This is the nineteenth book of the Natural and general history of the Indies, islands and Mainland of the Ocean Sea: which addresses the islands of Cubagua and Margarita.

Translated by Isabella Perez ’21

God did not make a useless or unprofitable thing. God saw all he made and all was good and approved by him.[1] From this we can gather, and see in effect, that in the provinces that seem to be desert-like and barren in these parts and Indies (and in all the universe), there are other secrets and utilities and an abundance of things that regions deemed the most fertile would wish for, and they are of great estimation and value. We see the land covered (in some places) by brambles, thistles, and spines; we find in its bowels rich mines of silver and gold and other metals and goods.

Many wild fields and rugged mountains and uninhabited parts and terrains without pastures for cattle are covered in orchil, to give color to cloth, or with groves very beneficial in other regards. There is nothing amiss or ill-made in nature, because the Master and Creator of it could not err, nor make an inconvenient or unprofitable thing, so much so that even in the poisons and harmful things there are medicinal secrets and excellent properties; and the more varied and different there are, the more beautiful nature is. That serpent called tiro,[2] whose bite they say is without remedy, is appropriate medicine against all poisons, as has been seen and investigated, and if you put into a mixture to combat poison (which composition they call triaca or tiriaca) an extremely small part of the tiro mixed with the other medicinal substances, the tiro brings them all to the heart, as it is its property to do, and it brings health and remedy in its mixture, and protects from that which, if it were alone, would kill. Look among snakes for a poultice; from a biting dog, the hairs. And to this purpose, if we know how to use the properties of such mysteries, nothing can be found in nature that is so bad or wasteful that it cannot be used to advantage. Thus I will speak in this Book XIX of the island of Cubagua, which is very small and extremely barren and without a drop of water from fountain or river, nor from lake or pond; and with this and other difficulties, without a place on it to sow nor produce any sustenance for the service of man, nor be able to raise cattle, since there is no pasture, it is inhabited and boasts a genteel republic that they call the New city of Cáliz. And its wealth has been so great that measure by measure there has not been in the Indies a richer or more profitable land settled by the Christians, and its space or territory is no bigger than three leagues in circumference (a little more or less); and many who are in a position to know say that since the year 1496, when it was discovered by the first Admiral Don Christopher Columbus, until now, there has been such profit from his island in its  wealth of pearls and seed pearls the royal fifths and other rights have mounted as well as the value that has redounded to particular persons from the abundance and extreme quantity of them (those they have obtained there), from which the estimation and wealth that this initiative has generated is enormous. This industry is carried on here daily. Moreover, so the history follows its order, I will say of its discovery what I have been able to comprehend and has come to my attention about this island; and there will also be mention of other islands and seacoasts in these Indies where pearls are found and of some particular pearls of high price that have been found, because in this type of history nothing should be left to say or answer later, other than identifying the provinces or parts where the pearls are found, when they are written about; because both in fishing for them, as in other particularities, it is all the same thing.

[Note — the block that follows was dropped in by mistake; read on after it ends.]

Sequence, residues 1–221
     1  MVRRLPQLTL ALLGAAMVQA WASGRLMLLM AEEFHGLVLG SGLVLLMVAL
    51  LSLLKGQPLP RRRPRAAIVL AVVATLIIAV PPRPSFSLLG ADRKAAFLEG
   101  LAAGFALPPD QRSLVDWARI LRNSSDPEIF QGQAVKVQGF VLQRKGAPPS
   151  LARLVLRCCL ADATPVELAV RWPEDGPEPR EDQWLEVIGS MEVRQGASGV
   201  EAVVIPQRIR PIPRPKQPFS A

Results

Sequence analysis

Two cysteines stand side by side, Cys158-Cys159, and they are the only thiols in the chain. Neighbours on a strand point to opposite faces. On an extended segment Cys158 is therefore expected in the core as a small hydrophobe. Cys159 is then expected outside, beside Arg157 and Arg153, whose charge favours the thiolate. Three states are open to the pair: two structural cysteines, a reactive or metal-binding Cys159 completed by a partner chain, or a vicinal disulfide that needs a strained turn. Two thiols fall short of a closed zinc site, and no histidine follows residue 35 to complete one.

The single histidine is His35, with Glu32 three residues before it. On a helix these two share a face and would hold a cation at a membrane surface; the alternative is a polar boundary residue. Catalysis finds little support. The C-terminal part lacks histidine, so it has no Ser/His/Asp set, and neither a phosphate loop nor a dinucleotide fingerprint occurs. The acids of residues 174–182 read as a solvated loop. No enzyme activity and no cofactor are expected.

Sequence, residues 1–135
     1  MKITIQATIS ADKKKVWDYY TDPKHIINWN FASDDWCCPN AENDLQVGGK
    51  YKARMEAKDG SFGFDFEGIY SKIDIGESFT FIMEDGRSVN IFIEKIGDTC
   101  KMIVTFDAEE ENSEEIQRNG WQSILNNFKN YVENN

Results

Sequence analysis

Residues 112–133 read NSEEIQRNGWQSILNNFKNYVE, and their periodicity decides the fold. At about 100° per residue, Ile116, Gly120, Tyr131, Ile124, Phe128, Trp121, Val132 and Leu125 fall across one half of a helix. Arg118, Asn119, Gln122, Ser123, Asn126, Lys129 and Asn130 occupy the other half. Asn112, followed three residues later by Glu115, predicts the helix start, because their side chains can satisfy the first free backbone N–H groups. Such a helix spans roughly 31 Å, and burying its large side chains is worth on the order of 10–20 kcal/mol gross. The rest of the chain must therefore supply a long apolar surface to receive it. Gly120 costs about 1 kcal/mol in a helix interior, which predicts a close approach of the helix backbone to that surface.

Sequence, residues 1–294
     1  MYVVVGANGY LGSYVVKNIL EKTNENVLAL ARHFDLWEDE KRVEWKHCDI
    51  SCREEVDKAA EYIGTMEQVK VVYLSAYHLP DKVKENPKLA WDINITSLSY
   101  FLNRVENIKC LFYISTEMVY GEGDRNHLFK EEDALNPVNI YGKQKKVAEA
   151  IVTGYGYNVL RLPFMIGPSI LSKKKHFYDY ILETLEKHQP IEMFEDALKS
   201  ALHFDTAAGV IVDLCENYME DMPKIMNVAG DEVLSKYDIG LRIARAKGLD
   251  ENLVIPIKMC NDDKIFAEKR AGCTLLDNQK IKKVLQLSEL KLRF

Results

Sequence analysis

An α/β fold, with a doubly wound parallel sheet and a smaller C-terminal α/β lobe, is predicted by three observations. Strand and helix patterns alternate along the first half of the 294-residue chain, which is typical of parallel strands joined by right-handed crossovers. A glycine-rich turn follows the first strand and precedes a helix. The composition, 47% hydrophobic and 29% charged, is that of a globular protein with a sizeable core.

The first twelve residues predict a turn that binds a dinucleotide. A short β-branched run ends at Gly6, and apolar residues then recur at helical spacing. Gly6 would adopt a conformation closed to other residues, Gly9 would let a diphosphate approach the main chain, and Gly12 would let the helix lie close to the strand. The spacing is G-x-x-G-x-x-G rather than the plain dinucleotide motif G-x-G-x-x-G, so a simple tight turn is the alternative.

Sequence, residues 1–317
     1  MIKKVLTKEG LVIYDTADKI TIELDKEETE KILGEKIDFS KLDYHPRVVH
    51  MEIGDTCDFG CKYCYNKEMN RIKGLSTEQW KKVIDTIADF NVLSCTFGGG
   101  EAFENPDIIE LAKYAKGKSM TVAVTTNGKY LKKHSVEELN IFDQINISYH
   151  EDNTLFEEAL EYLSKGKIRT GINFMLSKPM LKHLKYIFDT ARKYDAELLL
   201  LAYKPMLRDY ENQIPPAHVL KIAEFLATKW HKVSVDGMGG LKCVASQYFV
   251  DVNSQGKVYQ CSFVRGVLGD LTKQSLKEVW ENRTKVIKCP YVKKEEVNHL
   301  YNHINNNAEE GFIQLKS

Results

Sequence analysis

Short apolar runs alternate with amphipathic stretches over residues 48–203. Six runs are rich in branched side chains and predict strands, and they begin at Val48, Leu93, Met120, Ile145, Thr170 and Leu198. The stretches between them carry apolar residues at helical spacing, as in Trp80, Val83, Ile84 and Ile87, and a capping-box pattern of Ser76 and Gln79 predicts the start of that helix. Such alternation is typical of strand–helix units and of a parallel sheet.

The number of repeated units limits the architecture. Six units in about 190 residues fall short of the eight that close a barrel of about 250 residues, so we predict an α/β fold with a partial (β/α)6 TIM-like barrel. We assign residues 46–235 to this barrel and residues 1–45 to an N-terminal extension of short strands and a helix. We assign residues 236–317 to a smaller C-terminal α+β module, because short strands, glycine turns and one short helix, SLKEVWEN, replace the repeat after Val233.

It is true that those known as nacarones or nacres are a certain and distinct manner of shell in which pearls also grow, and these are not found on all the island nor along all the coastline of the Mainland opposite the Northern coast of Cubagua; but from the other part that looks on the southern coast of the Mainland there are many to be found in many places. And speaking of them is not completely unrelated to the subject of the pearls, since they are also found and born in these nacres, which not only are useful to the Indians because of their pearls and fish to eat, but also as hoes and shovels to tend their fields, landholdings, and orchards, as will be described at length in its place. Thus, let the reader pay attention, because Pliny speaks at length about pearls,[3] as do Albertus Magnus in the De proprietatibus rerum,[4] and Isidore in his Etymologies,[5] (where the curious may see many things on this subject that I will repeat here), but I will say others of which none of these excellent authors made mention, nor any other author of those whom I have read; and I will be able to speak as an eyewitness on this because until the present time, little or none of those who have travelled to these parts has had better pearls than I in some notable pieces on which I lost money from what they cost me, because I could not keep them in my possession due to some necessities that befell me. And jewels such as these should not be sold except to whoever is looking for them, and not through searching for someone to buy them, as I did. All this shall be told later.

Let us return to the discovery of Cubagua and its pearls, since there they have been found in greater quantity than in any other part, and there they saw the first ones in these our Indies, which is my subject here.



[1] Vidit que Deus cuncta quœ fecerat, et erant valde bona. – Genesis, ch. I

[2] Pliny, Book VIII, Chapter 23.

[3] Pliny, Book IX, Chapter 35.

[4] De prop. rerum, book XVI, ch. 62.

[5] Isid., book XVI, ch. 10.